Yoga’s Forgotten Foundation


Samāpanam समापनम्

imageE HAVE EXPLORED TOGETHER GURUDEVA’S ELUCIDATION OF THE TWENTY ANCIENT VEDIC TOOLS FOR SELF-TRANSFORMATION, PRACTICED THROUGH THE MILLENNIA BY tens of millions of seekers. Their challenges back then are no different than ours in modern times. It is always challenging to undertake the work of changing our habits, changing our thoughts, changing our attitudes, reactions and modes of action. Challenging, yet enormously rewarding when our efforts bear fruit.§

Success in fulfilling the yamas and niyamas provides the stability in our life that sustained success in meditation requires. Without this stability, the ups and downs of life are paramount, and significant advancement in our spiritual life does not manifest. A tall building needs a solid foundation to sustain an earthquake without toppling. So, too, higher states of consciousness need the positive habits of the yamas and niyamas to be sustained through the challenges that inevitably come to us in life. The modern exponent of haha yoga B.K.S. Iyengar cautioned, “Practice of āsanas without the backing of yama and niyama is mere acrobatics. Yama and niyama control the yogī´’s passions and emotions and keep him in harmony with his fellow man.” Sri Sri Anandamurthi taught, “In ancient times an aspirant had to practice yamas and niyamas for twelve years before he was even initiated. Without them, sādhana is an impossibility.” Yogacharya Krpalvanand called yama and niyama the “impenetrable fort of yoga,” and he warned, “If they are neglected, many hurdles crop up during sādhana, and it takes a very long time to uproot those evils.”§

One of the misconceptions you may have intuited as you studied these lessons is that we can take refuge in the higher practices of the niyamas and avoid the more difficult work of the yamas. This is a misconception widely held, and perfectly flawed. We must stay focused on the difficult work of the yamas at the outset, make commitments to harness our instinctive nature, our desires, our lazy patterns of life. Only then can the life energies flow freely into the niyamas, bringing the positive spiritual practices into their maturity.§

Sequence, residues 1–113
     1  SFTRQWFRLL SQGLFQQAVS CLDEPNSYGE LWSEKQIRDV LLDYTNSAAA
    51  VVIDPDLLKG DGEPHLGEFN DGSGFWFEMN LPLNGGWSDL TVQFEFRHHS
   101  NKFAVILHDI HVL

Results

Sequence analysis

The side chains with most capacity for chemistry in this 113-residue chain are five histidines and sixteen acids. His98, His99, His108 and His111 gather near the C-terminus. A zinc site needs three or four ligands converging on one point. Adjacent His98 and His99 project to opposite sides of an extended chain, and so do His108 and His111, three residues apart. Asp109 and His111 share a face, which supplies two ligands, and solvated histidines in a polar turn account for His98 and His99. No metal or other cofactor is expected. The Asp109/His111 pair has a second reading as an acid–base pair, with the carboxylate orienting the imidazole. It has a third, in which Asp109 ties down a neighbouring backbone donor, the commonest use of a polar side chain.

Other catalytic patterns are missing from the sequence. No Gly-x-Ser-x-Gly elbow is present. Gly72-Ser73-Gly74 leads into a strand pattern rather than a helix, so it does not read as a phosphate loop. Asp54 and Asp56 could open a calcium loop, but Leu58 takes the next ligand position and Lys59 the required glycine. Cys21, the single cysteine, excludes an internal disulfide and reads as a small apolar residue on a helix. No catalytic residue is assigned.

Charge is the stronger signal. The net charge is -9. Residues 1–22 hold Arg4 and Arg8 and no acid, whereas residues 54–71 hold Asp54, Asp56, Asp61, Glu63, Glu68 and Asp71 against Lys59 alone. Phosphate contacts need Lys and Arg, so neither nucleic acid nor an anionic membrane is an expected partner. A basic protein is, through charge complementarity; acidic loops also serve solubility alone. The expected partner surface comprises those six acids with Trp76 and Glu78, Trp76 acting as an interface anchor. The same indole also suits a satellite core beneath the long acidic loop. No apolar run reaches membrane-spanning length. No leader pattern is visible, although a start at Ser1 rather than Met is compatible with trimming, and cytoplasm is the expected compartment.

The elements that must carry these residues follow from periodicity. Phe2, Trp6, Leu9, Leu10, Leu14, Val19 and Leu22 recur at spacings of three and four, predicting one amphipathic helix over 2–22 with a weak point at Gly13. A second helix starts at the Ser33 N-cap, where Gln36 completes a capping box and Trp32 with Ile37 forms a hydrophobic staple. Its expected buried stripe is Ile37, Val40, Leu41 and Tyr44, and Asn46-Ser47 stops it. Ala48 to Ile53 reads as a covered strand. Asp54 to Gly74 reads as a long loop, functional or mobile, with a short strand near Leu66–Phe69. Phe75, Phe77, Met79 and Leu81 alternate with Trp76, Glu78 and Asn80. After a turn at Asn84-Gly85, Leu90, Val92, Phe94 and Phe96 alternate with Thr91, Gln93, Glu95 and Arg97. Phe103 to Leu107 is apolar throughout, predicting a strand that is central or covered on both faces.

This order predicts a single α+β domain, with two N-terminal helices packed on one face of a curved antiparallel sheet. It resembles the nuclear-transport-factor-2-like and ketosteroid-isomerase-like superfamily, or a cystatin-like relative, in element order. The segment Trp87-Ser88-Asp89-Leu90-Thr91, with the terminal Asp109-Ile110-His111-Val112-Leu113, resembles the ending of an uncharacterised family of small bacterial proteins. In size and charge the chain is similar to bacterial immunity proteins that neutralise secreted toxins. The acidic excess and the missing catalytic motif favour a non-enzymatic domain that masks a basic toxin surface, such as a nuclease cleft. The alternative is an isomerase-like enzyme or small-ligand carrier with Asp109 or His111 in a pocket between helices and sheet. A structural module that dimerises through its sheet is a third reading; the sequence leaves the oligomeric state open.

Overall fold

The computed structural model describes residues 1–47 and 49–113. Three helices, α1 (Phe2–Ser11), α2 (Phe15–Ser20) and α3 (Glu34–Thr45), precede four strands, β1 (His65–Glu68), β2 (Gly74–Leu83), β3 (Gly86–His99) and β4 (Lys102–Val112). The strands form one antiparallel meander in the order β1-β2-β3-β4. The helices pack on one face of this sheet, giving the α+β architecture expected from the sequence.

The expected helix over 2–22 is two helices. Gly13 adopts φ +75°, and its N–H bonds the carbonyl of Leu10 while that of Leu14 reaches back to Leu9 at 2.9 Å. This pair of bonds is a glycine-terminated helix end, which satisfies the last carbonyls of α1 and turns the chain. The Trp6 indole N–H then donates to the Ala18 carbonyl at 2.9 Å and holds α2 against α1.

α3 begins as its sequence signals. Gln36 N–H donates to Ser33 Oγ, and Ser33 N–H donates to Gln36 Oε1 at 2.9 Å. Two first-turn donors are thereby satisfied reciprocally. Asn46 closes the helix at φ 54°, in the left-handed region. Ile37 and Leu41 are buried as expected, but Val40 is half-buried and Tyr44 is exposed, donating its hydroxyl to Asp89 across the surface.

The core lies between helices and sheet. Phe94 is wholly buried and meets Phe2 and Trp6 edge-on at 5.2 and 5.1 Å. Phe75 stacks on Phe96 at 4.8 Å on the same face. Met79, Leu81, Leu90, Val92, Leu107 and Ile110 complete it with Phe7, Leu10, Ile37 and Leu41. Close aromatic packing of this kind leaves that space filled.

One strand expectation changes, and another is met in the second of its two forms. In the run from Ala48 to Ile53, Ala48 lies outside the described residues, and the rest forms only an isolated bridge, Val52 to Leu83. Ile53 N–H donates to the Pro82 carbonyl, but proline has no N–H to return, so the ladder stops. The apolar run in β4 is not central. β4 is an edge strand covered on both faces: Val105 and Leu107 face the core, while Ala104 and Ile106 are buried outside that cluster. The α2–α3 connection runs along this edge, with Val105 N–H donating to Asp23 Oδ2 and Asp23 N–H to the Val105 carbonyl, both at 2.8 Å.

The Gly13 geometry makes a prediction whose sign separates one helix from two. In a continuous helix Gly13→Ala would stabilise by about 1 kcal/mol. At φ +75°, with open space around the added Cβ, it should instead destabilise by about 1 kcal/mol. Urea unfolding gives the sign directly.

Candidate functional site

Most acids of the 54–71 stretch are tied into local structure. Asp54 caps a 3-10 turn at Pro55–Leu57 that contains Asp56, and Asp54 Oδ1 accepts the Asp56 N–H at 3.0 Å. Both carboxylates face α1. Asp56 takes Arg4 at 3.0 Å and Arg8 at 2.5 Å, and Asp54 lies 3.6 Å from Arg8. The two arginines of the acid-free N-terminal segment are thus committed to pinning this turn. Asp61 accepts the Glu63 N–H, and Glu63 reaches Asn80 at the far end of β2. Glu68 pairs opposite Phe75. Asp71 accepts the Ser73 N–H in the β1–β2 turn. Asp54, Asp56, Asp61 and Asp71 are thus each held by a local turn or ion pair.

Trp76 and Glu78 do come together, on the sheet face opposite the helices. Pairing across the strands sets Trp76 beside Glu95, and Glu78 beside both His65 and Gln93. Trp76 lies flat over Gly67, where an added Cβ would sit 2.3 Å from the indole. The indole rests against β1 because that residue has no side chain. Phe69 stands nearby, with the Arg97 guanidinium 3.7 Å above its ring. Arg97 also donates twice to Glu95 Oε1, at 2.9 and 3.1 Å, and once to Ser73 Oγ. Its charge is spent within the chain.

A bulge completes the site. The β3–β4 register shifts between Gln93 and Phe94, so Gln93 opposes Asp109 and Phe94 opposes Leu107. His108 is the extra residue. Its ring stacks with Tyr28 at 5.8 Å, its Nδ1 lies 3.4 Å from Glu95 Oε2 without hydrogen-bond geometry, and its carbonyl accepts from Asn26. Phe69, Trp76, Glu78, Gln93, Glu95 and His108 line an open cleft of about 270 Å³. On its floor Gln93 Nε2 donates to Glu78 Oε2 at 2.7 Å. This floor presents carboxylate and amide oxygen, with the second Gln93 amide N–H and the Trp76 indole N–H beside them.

Gurudeva has given us a great map of the mind in his interpretations of the yamas and niyamas. Nowhere else will you find his pairing of the one with the other, of each yama with a specific niyama. He knew, from the deepest part of human knowing, that the positive and the negative are intertwined, that the resolution of the lower nature allows for the natural expression of the higher, just as a balloon suddenly soars skyward when it drops off its sandbags.§

So, as you carry on in the work ahead, on the path ahead, as you work with the yamas and niyamas in your life, don’t settle for the easy path of worshiping unless you have dealt with the harder path of mastering patience; don’t be content with your progress in contentment until you are truly truthful in all your dealings with others; don’t be satisfied with your charitibleness until even the thought of stealing has been eliminated from your heart; don’t practice japa in earnest unless you have become a vegetarian; don’t pursue serious austerities without a good foundation in purity.§

As Gurudeva wrote in Dancing with Śiva, “Good conduct is a combination of avoiding unethical behavior and performing virtuous, spiritualizing acts.” Now you have the pattern, in Hinduism’s code of conduct. Proceed with confidence.§